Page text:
This is good only for orders today as I understand it.  Nor do I think my titles are even sold by AllRomanceEbooks (but they are by OmniLit — I checked), but here’s the skinny as emailed to me by Untreed Reads Publishing late last night:  “Beginning at midnight CST, and will be offering a 50% rebate to anyone who purchases titles through them on April 22nd.  This will be handled as a credit to the customer’s account to be used on a future purchase.”  My Untreed Reads titles are VANITAS (a steampunk/mystery originally published in ALFRED HITCHCOCK’S MYSTERY MAGAZINE), I’M DREAMING OF A. . . (a short sf/horror tale for Christmas), PEDS (a near-future novelette), and the leadoff story in YEAR’S END: FOURTEEN TALES OF HOLIDAY HORROR (New Year’s Eve gone bad), and both sites offer books in PDF, Kindle, and EPUB formats.  If interested, OmniLit can be reached by pressing here, and AllRomance here — but best hurry because the sale ends at midnight tonight (also Central Time).

A proof copy arrived today of FANTASTIC STORIES PRESENTS: SCIENCE FICTION SUPER PACK #1 (cf. April 9, March 31), and what a super pack it is!  More than 700 pages with some shockingly big name authors represented, among whom I am humbled to appear as well.  This is a reprint-only anthology (my entry, “No Place to Hide,” was originally published in the long-defunct professional journal SCIENCE FICTION REVIEW) and will, according to another announcement, be followed by at least one FANTASY SUPER PACK as well, for which there are still a few slots open.  Perhaps I’ll submit to that one too — but as for now, more information will be forthcoming asBatAppreciationDay soon as I have it.

On other matters:  My apologies that I missed this one, National Bat Appreciation Day on April 17.  Or, to quote the site, “[t]his is the best time of the year to celebrate bats as they are now beginning to emerge from hibernation and National Bat Appreciation Day is also a good time to learn about bats roles in nature.”  So, better four days late than never, eh?  For more, press here — and don’t miss, especially, the list of Fun Bat Facts the site includes!  And if that weren’t enough, for celebration hints for use any time of year, be sure to check here.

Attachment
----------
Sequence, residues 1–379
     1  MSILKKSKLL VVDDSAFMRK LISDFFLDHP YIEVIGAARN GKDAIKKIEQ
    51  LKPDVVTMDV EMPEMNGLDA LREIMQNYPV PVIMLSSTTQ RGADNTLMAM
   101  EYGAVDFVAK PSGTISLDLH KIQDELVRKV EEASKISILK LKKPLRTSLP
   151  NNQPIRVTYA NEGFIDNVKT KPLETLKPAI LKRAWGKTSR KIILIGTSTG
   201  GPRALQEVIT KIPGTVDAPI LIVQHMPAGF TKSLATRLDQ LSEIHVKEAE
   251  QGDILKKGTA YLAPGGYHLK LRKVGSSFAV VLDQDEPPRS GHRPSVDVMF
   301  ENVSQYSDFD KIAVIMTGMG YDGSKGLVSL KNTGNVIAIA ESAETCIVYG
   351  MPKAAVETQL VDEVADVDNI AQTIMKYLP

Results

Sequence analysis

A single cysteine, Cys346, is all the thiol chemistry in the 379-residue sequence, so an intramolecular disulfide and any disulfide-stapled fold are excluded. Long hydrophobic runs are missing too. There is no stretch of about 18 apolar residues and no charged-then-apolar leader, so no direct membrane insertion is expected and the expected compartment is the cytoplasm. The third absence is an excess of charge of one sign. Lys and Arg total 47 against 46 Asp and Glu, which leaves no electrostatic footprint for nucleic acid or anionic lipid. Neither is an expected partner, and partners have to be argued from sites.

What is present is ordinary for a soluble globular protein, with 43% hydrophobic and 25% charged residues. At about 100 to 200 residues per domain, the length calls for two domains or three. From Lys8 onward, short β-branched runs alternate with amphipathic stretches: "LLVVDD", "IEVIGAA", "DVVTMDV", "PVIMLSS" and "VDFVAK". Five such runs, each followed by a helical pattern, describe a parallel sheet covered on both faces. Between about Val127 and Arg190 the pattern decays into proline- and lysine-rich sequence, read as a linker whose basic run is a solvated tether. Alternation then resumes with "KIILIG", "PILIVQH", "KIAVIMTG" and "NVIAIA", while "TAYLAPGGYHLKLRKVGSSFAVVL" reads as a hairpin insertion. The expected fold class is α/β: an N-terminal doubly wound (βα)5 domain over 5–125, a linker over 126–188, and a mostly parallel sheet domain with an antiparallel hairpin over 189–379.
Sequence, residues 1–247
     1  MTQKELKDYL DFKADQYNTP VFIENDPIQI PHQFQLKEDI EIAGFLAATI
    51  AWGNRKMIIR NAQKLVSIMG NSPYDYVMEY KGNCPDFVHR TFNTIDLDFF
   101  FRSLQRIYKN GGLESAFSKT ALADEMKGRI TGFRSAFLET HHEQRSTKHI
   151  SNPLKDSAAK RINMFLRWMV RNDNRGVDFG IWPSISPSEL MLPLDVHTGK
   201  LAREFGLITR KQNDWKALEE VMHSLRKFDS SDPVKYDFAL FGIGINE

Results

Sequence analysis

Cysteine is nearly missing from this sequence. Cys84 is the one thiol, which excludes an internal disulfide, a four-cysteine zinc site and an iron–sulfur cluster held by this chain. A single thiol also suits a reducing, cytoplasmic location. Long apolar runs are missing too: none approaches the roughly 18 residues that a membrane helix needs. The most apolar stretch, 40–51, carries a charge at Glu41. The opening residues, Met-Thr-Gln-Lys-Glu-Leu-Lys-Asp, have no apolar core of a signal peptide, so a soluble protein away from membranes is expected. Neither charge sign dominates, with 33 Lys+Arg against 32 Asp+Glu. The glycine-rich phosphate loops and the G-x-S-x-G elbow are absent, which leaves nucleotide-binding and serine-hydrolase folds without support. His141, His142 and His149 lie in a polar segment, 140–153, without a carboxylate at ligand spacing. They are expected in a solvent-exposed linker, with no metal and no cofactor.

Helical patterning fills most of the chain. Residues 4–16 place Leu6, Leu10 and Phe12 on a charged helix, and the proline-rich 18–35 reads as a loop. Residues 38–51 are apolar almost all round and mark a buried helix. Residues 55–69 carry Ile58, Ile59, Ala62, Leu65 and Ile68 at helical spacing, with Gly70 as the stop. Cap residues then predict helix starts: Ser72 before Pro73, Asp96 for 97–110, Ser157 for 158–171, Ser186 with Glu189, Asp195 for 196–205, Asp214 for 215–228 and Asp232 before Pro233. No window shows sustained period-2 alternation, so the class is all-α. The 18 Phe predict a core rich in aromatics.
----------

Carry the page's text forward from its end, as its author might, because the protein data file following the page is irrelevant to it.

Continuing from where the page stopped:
Kudos go to Suford Lewis for bringing Bat Appreciation Day to my attention. And don’t forget (again from the site), “the ‘insectivorous’ bats rid our world of many bothersome insects.  In one hour, they can eat up to 1,000 mosquitoes.”

Following the availability of its Kindle edition (see April 11), Horrified Press has announced today that its NIGHTMARE STALKERS & DREAM WALKERS anthology can also be purchased via Google Play for $3.00 — and, at least as of my check this afternoon, possibly at a markdown from that.  I would assume that the discount is temporary, but to check it out for yourself, press here.  My story in this one is the somewhat surrealistic “Flesh,” about a person whose dreams instruct him to get fat, and was originally published in the Spring 1999 issue of MAELSTROM SPECULATIVE FICTION.

Aimée et les filles à les caissettes, “Casket Girls” (cf. April 10), is now available to all readers in DAILY SCIENCE FICTION’s archives.  Just go to their main site at and press “Recent Stories” on the left to find it, or, alternatively, one can reach it directly by pressing here.  And while you’re at it, for those who don’t mind delving deep into the musty archives of years long past, two other ursuline1stories of mine dwell within: “Naughty or Nice,” the tale of a Parisian vampiress’s Christmas adventure, and “Killer Pot” about, um, skin treatments for the twenty-first century — but with Victorian roots as well.  Or, maybe the best thing to do is just read it. For these anyhow, go back to the DSF main page and this time put “Dorr” (or “dorr”) in the box on the right where it says “SEARCH.” (Hint: Don’t use “James Dorr” or “James S. Dorr” — through the magic of modern electronics you’ll get a scroll of every author with the name James, or in one case even just the initial J; similarly, while the titles of the stories will work, in the case of “Killer Pot,” you will first get a story called “Coffee Pot” — go figure).